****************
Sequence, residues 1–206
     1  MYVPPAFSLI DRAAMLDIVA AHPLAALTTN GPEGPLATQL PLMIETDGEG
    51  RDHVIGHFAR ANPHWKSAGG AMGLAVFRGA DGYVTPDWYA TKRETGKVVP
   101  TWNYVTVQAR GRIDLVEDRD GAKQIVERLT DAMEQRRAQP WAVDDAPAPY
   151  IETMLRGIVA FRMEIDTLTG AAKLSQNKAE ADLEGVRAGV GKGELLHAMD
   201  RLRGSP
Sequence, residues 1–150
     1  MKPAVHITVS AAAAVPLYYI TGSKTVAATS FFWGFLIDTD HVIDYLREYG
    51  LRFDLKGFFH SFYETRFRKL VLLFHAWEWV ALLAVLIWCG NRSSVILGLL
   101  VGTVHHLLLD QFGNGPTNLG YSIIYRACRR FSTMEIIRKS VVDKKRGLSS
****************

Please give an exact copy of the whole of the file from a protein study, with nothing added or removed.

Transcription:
Sequence, residues 1–206
     1  MYVPPAFSLI DRAAMLDIVA AHPLAALTTN GPEGPLATQL PLMIETDGEG
    51  RDHVIGHFAR ANPHWKSAGG AMGLAVFRGA DGYVTPDWYA TKRETGKVVP
   101  TWNYVTVQAR GRIDLVEDRD GAKQIVERLT DAMEQRRAQP WAVDDAPAPY
   151  IETMLRGIVA FRMEIDTLTG AAKLSQNKAE ADLEGVRAGV GKGELLHAMD
   201  RLRGSP
Sequence, residues 1–150
     1  MKPAVHITVS AAAAVPLYYI TGSKTVAATS FFWGFLIDTD HVIDYLREYG
    51  LRFDLKGFFH SFYETRFRKL VLLFHAWEWV ALLAVLIWCG NRSSVILGLL
   101  VGTVHHLLLD QFGNGPTNLG YSIIYRACRR FSTMEIIRKS VVDKKRGLSS